Events: Cranksgiving 2017 powered by Doylestown Bike Works
(2017) Growth, for the lack of a better word, is good. The 2016 Cranksgiving hauled in nearly 6,000 pounds of food during Doylestown’s edition of the donation group ride benefitting the Bucks County Housing Group Food Pantry. This year, with 25% more preregistered riders, there were aspirations of overcoming last year’s total. That’s why the sixth annual Cranksgiving powered by Doylestown Bike Works was a display for growth.
Consider six years ago when riders informally rode the fundraiser with food stowed on his/ her person for the entire route. Rumor has it riders could choose the order of the grocery stores. This limited the donations to how much one rider could carry. The donation totals were born of sweat and pedal pushing along with a bit of machismo. Now riders casually stroll out of a grocery store on a carefully laid out route. Instead of carrying the items, riders place their freshly purchased goods in the arms of volunteers watching and waiting. The volunteers keep an eye on the dozens of bikes with blinking lights in exchange for items to be donated. Riders were asked to keep their donations within the items listed on the cue sheet.
I plopped my contribution into the cart proud to see how much the cycling community was coming through. Large boxes of diapers took up the first shopping cart ready for collection. Canned foods and other non-perishable items were listed to refill the Food Pantry. Growth was evident again when Doylestown Bike Works parked their rental truck at the first stop. The need to rent a moving truck to collect the food from all three stops is a remarkable sign of production.
The ride departed with temperatures in the twenties. That did not deter the participants considering last year’s event was held in slightly warmer conditions. That is, these hardy riders shirked at the fact that it was a bit colder than some would classify as comfortable. The two or three climbs in the early portion of the long route helped in warming everyone up.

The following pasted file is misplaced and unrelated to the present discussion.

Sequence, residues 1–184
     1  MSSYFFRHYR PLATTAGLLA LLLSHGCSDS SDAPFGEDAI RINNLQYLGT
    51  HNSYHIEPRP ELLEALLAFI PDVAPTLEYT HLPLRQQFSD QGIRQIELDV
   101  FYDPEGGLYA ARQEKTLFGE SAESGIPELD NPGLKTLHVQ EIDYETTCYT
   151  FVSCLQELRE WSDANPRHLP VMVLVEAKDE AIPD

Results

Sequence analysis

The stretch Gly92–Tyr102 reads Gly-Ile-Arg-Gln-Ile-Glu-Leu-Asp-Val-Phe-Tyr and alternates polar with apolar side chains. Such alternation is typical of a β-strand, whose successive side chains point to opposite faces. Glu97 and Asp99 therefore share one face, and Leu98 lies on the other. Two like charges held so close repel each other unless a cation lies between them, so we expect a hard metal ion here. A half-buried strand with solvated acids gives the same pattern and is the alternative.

With two more stops located near the start/ finish line, riders filled more carts and baskets to benefit the Bucks County Housing Group Food Pantry. This is the portion of the ride when the event is strung out. There are fewer cyclists seen. Acme Grocery Store gave Cranksgiving participants their own checkout lane to keep people together.
While all participants were making their way to the finish area, employees of Doylestown Bike Works were making their way to the grocery stores with the rental truck. The truck would go off to the food pantry where it would be weighed and estimated. With a 25% increase in participation, would the event see a correlation in food collection? Last year Cranksgiving hauled in 5,937 pounds of food exactly. This year participants brought in a remarkable 7,324 pounds according to Erik Clare, Director of Development at the Bucks County Housing Group. That's nearly a 25% increase in collection. More participants certainly meant more food collected.
As riders returned from both the short and long course, a massive black military food truck produced by Mission BBQ greeted them. Participants were given a complimentary meal to warm them up after donating goods. The Doylestown Bike Works tent stayed on site at the event start/ finish until well after noon. If any hint is given that next year’s event will increase the amount of donations it can be found in the numbers. More people equal more wallets to open for donations. If we can create a pun toward the negative connotation quote from Wall Street about greed, it can be positive to state that growth, for a donation event for those struggling during the giving season is a good thing.
An original version of this article incorrectly reported the 2015 Cranksgiving totals as 7,000 pounds. The amount was just under 6,000 and has been adjusted here.